N2 - Agricultural work is hazardous and is common among rural youth, especially those living on farms or ranches. Previous work has shown differences in farm work and injury patterns between boys and girls, but little data exist addressing ethnic differences. This study examined ethnic and gender differences in farm tasks, safety attitudes, and use of protective measures among rural California youth working on farms or ranches. The University of California, Davis Youth Agricultural Injury Study is a longitudinal study focusing on agricultural work experience among youth enrolled in an agricultural sciences curriculum in 10 public high schools in California's Central Valley during the 2001-2005 school years. Using cross-sectional data from the initial entrance survey, we studied 946 participants who reported farm work in the previous year. Median annual hours of farm work varied significantly between boys and girls (p < 0.001) and between ethnic groups (p < 0.05) (Hispanic boys: 624 hr; Hispanic girls: 189 hr; White/Other boys: 832 hr; White/Other girls: 468 hr). Girls and Hispanic students were less likely than boys and White/Other students, respectively, to perform hazardous tasks involving tractors, machinery, and chemicals. Median age for initiating work on selected hazardous tasks was up to 3 years later for Hispanic students. Use of task-appropriate safety measures was low in all groups for most hazardous tasks. Boys were more likely than girls to use task-appropriate safety measures, with the exception of seatbelt use when in a car or truck. Hispanic students were more likely than White/Other students to employ safety measures. Girls and Hispanic youth worked fewer farm hours and had reduced exposure to selected hazardous tasks. Use of task-appropriate safety measures was low for all groups but increased for Hispanic students. Further study should explore reasons for low use of safety measures and develop educational efforts to bring about social norm changes promoting their use.

AB - Agricultural work is hazardous and is common among rural youth, especially those living on farms or ranches. Previous work has shown differences in farm work and injury patterns between boys and girls, but little data exist addressing ethnic differences. This study examined ethnic and gender differences in farm tasks, safety attitudes, and use of protective measures among rural California youth working on farms or ranches. The University of California, Davis Youth Agricultural Injury Study is a longitudinal study focusing on agricultural work experience among youth enrolled in an agricultural sciences curriculum in 10 public high schools in California's Central Valley during the 2001-2005 school years. Using cross-sectional data from the initial entrance survey, we studied 946 participants who reported farm work in the previous year. Median annual hours of farm work varied significantly between boys and girls (p < 0.001) and between ethnic groups (p < 0.05) (Hispanic boys: 624 hr; Hispanic girls: 189 hr; White/Other boys: 832 hr; White/Other girls: 468 hr). Girls and Hispanic students were less likely than boys and White/Other students, respectively, to perform hazardous tasks involving tractors, machinery, and chemicals. Median age for initiating work on selected hazardous tasks was up to 3 years later for Hispanic students. Use of task-appropriate safety measures was low in all groups for most hazardous tasks. Boys were more likely than girls to use task-appropriate safety measures, with the exception of seatbelt use when in a car or truck. Hispanic students were more likely than White/Other students to employ safety measures. Girls and Hispanic youth worked fewer farm hours and had reduced exposure to selected hazardous tasks. Use of task-appropriate safety measures was low for all groups but increased for Hispanic students. Further study should explore reasons for low use of safety measures and develop educational efforts to bring about social norm changes promoting their use.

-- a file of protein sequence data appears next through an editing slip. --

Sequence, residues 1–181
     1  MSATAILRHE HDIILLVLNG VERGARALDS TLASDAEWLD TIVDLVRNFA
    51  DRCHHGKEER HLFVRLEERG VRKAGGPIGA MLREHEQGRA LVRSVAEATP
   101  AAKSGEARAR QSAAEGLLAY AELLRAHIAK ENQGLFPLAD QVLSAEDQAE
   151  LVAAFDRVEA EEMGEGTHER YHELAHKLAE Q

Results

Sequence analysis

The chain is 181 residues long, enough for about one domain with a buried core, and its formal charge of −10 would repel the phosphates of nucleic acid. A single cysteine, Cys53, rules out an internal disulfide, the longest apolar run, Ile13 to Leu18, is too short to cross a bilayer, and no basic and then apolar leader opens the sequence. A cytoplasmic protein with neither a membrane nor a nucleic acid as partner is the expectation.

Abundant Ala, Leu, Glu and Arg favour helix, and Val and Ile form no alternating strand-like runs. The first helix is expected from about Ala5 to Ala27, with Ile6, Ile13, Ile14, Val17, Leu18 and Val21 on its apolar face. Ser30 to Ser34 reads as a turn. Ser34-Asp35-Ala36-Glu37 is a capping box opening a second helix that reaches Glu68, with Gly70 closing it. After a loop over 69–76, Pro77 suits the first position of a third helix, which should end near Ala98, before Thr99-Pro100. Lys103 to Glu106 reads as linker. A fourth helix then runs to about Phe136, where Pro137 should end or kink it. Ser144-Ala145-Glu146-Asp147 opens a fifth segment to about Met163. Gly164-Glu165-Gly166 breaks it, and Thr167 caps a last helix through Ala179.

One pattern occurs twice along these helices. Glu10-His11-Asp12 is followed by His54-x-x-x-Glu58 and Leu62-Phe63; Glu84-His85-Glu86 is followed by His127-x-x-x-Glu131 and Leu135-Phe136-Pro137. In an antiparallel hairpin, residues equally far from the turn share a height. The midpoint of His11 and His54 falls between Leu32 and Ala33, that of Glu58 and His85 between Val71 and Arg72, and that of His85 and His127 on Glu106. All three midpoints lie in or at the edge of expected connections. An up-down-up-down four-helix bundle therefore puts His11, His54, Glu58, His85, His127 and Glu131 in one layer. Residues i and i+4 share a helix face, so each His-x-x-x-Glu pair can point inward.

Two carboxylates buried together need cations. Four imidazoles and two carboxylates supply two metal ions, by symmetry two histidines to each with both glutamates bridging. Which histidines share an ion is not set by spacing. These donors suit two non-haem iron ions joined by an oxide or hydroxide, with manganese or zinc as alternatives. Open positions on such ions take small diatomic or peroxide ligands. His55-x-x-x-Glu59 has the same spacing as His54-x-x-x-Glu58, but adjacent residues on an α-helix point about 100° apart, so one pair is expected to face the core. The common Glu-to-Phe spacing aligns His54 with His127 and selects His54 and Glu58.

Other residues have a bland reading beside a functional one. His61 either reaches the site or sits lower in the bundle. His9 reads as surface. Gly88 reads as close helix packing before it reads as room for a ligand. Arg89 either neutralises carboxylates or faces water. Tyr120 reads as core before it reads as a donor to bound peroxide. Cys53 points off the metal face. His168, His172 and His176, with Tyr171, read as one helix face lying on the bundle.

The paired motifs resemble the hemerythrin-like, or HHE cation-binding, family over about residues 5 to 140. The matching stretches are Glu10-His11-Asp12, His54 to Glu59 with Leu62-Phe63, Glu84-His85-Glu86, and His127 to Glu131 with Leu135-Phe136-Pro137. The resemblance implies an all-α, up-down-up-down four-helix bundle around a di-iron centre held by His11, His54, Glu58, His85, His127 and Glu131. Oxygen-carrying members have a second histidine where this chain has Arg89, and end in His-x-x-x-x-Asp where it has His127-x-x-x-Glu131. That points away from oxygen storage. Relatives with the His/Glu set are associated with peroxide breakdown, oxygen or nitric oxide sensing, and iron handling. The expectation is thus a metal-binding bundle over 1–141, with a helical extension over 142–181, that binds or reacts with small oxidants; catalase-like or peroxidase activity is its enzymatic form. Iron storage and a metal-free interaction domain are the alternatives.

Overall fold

KW - agriculture

KW - farm

KW - injury

KW - personal protective measures

KW - risk behavior

KW - youth

UR - http://www.scopus.com/inward/record.url?scp=84862200098&partnerID=8YFLogxK

UR - http://www.scopus.com/inward/citedby.url?scp=84862200098&partnerID=8YFLogxK

U2 - 10.1080/15459624.2012.679584

DO - 10.1080/15459624.2012.679584

M3 - Article

VL - 9

SP - 362

EP - 370

JO - Journal of Occupational and Environmental Hygiene

JF - Journal of Occupational and Environmental Hygiene

SN - 1545-9624

IS - 6

ER -